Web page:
Throughout my career, I’ve heard a number of indirect tax professionals express regret they were not at the table when strategic decisions were being made. These pangs of remorse are not only personal, they also impact the business. Companies benefit when decision makers understand and consider relevant tax implications before finalizing major decisions.
While tax professionals need to earn their “seat at the table,” the methods of doing so are not overly complicated. In most cases, all it takes is a slight shift in perspective concerning what it means for indirect tax to serve the business. The following steps can help tax folks get that seat at the table – for the benefit of their own careers, as well as for the benefit of the organization and its stakeholders:
- See the company through your business partners’ eyes: As tax people we have to gather information and file the tax returns. At the end of the day, however, our mission is to work with the rest of the business to create the best possible outcomes for our end customers and the company’s bottom line. We can more effectively execute that mission when we are informed about our company and “alert” to its competitive environment (as I’ve mentioned in a previous post). It also helps to step out of the tax function and meet with the controller, the head of shared services, the accounts payables manager, the CIO and other business functions and process owners. Grabbing an occasional coffee with your business partners helps you communicate to them that you care about their functional area, as well as their success as a professional, and this, in turn will help the company overall. It is important you understand their piece of the business from their perspective. And that point of view will likely help you spot new ways to help them address tax-related challenges.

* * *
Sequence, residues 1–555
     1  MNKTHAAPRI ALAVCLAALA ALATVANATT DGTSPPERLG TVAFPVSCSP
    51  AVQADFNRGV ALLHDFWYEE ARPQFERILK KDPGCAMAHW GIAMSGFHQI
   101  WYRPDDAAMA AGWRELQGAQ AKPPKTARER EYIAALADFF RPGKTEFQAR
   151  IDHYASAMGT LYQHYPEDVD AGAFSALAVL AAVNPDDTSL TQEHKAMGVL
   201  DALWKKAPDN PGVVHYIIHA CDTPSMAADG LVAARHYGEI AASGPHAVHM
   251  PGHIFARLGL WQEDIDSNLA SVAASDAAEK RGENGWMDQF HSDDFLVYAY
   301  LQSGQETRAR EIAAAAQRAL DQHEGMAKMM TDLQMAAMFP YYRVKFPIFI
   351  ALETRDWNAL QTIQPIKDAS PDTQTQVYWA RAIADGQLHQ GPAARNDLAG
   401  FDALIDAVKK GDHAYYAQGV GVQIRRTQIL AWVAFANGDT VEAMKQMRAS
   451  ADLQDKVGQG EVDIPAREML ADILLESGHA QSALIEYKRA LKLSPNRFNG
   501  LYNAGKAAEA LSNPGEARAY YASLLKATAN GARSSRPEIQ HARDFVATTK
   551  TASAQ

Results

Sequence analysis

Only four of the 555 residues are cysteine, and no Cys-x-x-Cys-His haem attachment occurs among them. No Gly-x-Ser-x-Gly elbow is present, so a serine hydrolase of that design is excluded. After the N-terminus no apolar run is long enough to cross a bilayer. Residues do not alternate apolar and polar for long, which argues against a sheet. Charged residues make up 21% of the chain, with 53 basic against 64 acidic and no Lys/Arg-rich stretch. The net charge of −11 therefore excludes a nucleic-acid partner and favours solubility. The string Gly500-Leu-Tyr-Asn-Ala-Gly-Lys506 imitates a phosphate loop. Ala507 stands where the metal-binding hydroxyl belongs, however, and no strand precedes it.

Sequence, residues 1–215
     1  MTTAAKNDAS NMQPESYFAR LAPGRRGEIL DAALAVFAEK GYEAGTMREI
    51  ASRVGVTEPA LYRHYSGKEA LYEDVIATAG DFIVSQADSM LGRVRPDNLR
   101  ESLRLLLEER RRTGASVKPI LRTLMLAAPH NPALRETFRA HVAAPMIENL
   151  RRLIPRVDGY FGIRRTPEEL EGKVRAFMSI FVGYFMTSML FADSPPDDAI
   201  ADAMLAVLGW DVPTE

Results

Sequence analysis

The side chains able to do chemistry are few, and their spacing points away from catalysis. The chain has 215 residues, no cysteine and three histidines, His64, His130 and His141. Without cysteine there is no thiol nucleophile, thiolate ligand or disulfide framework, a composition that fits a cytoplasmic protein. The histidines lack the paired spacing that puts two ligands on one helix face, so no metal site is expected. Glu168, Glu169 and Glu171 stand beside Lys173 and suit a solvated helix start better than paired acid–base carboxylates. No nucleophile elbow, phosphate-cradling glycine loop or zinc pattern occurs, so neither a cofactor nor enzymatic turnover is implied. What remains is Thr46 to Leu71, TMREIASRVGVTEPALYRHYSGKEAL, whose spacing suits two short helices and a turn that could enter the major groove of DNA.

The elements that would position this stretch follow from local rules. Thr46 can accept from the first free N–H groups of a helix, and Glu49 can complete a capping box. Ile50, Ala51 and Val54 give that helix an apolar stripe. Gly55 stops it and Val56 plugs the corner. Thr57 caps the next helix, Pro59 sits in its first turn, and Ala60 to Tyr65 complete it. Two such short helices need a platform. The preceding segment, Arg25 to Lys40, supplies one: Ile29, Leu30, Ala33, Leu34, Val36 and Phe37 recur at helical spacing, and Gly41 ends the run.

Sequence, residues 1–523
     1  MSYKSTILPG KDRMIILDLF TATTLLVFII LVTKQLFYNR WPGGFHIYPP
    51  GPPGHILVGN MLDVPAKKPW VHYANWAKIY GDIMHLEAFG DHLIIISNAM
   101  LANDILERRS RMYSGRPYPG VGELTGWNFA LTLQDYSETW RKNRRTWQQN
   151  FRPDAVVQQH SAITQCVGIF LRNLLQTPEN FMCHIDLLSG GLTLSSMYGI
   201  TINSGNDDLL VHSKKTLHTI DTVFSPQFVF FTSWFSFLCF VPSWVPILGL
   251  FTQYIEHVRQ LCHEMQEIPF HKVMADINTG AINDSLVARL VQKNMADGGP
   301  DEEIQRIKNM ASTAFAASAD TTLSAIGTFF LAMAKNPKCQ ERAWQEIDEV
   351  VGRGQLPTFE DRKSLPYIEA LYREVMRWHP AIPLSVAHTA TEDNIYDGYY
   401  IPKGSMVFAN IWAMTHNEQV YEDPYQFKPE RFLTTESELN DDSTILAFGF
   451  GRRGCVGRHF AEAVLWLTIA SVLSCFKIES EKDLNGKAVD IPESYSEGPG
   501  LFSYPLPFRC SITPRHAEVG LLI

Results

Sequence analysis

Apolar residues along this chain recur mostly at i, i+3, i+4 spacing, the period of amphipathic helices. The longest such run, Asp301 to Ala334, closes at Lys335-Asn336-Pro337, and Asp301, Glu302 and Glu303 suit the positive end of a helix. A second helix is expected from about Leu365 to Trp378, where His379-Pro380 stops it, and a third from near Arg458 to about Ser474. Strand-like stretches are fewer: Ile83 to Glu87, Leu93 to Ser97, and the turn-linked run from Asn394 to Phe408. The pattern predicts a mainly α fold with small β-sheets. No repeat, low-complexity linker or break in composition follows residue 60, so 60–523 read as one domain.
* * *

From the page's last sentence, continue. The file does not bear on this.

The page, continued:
- Solve your partners’ problems: Effective tax planning really does affect just about every area of the business. When you feel tax should be an important consideration, step in and help your business partner address it. In credit and collections, for example, tax can contribute negatively to day sales outstanding (DSO), a metric that collections professionals work diligently to keep low. When I was a tax executive in a multinational conglomerate earlier in my career, I made sure my team understood how tax could positively reduce DSOs by lowering the number of tax invoicing errors and short payments. Working directly with our credit and collections colleagues helped to increase operating cash flow. This is merely one of many examples.
- Speak the language of the business: When we as tax professionals help the business, we should express what we’ve accomplished in business terminology. If a savvy tax-planning shift saved the company a significant amount of money, I always shared how much those savings improved profit margins in a particular line of business. Every professional knew I was working as their partner to make sure they were fully informed as to the tax implications for any strategic business decision.
First you need to earn a seat at the table, which requires you to demonstrate how your knowledge of the business and your tax expertise combine in ways to improve the company’s bottom line. Once you prove your value to the business, you will have earned a permanent seat at the table. What have you done to earn your seat at the table?
Please remember that the Tax Matters provides information for educational purposes, not specific tax or legal advice. Always consult a qualified tax or legal advisor before taking any action based on this information.